In the past, Picardo floated ideas for long-term character development rather than specific stories. "I pitched the idea for a relationship between Seven of Nine and the Doctor, for instance. The beginning of the Doctor and Seven's social lesson arc was based on an idea of mine that I brought to Brannon Braga. So there have been ideas before, but this was the first full-blown story. I don't fashion myself a writer. I just look for a story that would be fun to tell for the Doctor."
Bruno pitched Picardo's concept to Joe Menosky and Michael Taylor, but Menosky was resistant at first because he thought the first contact between the Doctor and Zimmerman should be first-hand rather than via holographic recreation. Once Barclay's system made it possible for the Doctor to travel the distance to the Alpha Quadrant, it became possible to bring back the Next Generation characters from "Pathfinder."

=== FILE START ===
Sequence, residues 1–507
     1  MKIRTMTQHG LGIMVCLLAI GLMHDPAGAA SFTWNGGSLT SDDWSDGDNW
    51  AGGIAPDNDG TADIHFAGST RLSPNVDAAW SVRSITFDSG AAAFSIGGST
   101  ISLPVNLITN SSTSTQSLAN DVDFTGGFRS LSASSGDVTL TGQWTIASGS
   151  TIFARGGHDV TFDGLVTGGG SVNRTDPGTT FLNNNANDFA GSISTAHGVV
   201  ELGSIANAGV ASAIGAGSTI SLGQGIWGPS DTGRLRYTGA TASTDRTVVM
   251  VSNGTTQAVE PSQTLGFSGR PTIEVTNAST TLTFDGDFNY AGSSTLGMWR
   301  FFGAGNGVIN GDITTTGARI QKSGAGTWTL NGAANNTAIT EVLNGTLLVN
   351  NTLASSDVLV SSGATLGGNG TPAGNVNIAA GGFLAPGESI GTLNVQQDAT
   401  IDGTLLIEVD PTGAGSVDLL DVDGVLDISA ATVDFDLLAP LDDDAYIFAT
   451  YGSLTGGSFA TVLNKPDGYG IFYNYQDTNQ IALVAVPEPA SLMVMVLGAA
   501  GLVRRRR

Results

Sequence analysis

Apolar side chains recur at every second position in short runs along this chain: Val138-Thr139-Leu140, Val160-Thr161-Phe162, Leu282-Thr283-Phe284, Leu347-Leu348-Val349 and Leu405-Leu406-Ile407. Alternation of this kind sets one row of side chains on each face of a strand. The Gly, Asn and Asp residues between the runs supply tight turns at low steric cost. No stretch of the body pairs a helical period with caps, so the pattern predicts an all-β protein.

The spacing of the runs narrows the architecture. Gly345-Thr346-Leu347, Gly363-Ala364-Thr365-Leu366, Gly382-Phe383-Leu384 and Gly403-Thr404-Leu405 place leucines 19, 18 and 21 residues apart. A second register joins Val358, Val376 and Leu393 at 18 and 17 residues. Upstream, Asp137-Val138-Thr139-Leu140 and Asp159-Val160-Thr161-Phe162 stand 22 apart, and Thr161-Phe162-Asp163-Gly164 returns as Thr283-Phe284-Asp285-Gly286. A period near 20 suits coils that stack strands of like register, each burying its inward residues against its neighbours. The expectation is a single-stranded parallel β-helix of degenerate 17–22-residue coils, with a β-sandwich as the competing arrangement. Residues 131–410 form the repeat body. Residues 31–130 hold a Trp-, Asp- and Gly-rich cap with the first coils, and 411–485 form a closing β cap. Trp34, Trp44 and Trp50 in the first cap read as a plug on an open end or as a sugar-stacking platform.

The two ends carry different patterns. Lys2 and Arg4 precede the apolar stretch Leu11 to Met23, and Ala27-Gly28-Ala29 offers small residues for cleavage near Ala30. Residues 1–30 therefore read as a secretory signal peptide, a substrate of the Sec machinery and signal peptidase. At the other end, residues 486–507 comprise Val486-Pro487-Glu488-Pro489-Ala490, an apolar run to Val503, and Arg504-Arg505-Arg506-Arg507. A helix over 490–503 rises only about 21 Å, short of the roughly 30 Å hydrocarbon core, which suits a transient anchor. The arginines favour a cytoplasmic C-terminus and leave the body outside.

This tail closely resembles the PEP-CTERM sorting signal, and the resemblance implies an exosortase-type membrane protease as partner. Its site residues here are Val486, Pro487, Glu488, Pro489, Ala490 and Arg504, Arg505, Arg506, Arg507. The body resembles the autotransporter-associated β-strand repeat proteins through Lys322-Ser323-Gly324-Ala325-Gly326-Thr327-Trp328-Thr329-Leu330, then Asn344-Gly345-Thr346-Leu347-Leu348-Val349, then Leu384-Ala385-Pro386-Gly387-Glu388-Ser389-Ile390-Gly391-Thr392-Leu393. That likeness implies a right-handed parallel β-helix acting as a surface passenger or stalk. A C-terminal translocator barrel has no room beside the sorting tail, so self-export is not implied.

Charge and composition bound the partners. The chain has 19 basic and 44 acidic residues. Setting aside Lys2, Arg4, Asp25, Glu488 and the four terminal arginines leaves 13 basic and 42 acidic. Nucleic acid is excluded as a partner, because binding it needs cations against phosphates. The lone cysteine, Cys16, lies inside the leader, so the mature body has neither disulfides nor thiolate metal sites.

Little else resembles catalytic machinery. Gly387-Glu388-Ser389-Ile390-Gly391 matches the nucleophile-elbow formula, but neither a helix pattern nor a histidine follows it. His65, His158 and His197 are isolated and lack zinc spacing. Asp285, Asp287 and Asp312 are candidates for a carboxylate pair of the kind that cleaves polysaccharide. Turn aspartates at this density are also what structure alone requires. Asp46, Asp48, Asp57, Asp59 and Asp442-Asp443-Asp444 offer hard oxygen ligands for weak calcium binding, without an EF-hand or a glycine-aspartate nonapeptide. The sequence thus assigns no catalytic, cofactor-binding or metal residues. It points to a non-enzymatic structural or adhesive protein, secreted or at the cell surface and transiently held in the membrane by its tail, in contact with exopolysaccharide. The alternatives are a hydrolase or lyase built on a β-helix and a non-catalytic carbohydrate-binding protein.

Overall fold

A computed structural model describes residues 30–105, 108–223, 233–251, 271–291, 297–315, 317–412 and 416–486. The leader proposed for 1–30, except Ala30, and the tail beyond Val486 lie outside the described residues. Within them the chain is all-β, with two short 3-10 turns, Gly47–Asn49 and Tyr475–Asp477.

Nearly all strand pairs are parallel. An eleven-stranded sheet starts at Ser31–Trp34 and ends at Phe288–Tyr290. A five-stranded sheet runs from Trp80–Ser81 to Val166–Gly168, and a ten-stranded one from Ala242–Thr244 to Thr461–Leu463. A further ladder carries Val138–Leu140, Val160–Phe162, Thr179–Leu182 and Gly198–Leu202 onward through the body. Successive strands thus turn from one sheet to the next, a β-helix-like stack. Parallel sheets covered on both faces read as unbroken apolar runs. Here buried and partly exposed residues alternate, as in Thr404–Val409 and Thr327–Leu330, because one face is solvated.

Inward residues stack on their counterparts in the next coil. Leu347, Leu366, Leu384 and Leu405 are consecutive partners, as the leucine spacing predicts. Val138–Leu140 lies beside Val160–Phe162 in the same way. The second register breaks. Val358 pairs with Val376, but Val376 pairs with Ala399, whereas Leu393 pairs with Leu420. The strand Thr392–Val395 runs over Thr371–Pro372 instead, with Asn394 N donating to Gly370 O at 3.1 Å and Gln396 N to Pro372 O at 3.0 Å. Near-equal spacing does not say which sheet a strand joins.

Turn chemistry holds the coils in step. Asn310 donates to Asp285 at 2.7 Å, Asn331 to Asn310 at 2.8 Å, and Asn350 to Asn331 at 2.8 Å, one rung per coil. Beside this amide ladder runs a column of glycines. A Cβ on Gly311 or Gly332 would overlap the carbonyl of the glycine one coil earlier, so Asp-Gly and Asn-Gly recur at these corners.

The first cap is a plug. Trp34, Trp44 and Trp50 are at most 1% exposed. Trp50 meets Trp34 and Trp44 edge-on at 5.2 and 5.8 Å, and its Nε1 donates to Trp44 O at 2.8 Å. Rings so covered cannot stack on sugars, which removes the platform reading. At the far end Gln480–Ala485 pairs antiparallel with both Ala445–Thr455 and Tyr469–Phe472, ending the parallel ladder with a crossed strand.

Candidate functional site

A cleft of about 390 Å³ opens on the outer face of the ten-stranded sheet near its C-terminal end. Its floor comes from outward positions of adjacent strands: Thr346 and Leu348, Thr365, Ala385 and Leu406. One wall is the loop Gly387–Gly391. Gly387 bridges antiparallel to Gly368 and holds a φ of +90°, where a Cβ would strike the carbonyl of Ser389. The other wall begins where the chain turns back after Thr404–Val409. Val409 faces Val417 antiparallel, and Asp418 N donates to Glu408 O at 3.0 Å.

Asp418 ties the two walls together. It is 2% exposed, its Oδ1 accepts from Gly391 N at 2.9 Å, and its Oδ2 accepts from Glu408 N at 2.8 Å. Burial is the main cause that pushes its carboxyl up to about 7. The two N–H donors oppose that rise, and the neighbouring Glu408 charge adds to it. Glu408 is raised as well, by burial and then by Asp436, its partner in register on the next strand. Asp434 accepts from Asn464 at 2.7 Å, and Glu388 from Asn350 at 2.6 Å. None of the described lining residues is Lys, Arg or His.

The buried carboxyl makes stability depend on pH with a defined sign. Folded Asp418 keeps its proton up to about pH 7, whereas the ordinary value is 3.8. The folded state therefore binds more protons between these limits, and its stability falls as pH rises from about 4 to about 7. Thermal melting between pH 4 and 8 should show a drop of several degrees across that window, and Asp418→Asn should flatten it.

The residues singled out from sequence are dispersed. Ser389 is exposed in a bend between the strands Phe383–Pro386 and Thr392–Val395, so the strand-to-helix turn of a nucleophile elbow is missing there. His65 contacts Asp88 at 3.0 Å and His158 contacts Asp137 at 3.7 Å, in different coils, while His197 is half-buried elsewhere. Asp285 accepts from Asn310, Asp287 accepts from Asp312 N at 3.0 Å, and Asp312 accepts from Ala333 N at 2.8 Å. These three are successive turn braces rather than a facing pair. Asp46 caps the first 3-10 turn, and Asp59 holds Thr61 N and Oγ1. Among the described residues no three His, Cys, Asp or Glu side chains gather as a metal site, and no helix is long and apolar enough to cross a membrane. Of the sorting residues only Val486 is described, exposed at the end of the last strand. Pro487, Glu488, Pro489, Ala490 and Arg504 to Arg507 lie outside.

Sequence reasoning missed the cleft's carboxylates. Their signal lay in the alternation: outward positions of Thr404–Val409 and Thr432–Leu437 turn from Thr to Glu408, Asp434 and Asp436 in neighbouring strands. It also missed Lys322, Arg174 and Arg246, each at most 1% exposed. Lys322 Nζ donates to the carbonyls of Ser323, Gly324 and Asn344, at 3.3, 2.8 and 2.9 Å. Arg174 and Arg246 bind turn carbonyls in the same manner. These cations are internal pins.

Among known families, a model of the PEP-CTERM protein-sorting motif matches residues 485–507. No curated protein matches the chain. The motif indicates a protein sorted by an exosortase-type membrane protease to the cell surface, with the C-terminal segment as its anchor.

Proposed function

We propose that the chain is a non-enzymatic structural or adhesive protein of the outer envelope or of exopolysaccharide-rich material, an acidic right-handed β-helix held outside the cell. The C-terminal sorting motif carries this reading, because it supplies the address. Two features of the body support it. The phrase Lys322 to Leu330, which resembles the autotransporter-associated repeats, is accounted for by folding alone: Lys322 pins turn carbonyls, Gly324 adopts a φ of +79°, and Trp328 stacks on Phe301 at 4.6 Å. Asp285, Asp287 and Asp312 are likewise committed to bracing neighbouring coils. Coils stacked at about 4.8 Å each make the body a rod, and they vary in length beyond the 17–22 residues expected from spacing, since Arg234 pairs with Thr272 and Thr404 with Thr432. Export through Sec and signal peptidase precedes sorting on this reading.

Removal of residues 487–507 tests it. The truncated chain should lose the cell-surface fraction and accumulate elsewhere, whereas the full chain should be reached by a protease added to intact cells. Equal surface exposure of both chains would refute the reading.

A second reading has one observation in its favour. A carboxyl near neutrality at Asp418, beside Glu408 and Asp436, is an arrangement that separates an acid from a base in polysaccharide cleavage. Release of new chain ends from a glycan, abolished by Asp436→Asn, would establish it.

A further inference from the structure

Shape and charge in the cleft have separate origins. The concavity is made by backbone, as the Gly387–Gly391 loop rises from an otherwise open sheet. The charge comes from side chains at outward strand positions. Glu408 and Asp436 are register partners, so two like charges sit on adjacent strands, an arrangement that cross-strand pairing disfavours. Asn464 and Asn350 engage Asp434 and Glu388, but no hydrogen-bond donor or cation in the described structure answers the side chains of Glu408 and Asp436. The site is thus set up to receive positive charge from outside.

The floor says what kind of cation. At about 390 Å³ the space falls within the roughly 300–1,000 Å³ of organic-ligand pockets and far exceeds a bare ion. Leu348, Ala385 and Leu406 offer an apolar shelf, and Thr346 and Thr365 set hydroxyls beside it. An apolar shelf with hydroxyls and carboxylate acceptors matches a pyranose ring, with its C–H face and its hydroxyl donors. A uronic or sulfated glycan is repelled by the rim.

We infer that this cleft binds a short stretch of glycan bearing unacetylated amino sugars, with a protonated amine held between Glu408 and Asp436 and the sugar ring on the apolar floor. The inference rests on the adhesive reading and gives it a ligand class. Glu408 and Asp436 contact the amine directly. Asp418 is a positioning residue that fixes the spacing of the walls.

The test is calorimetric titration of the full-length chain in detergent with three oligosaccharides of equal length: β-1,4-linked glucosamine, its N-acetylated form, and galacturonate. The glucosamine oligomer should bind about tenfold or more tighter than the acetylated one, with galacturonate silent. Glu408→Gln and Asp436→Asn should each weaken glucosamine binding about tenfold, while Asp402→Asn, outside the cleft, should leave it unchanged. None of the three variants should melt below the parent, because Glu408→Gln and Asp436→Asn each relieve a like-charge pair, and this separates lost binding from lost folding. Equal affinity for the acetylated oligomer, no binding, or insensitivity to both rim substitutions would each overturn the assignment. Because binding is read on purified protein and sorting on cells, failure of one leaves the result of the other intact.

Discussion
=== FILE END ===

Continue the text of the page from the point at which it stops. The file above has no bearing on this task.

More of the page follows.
"The staff writing team improved it tremendously," Picardo admits. "The story that John Bruno and I had pitched was quite relentlessly dramatic, and the most delightful change with Joe Menosky's uncredited help is that there's so much humor in it. I was being careful to not look like I was out for a laugh-fest, since I have always tried to punch up the humor of my character. I didn't want to look like I was finally going for a story credit so I could do the funniest Star Trek ever done. My model for the script was always I Never Sang For My Father, and I quite seriously proposed the title 'I Never Sang For My Programmer,' but they thought that was a little too silly."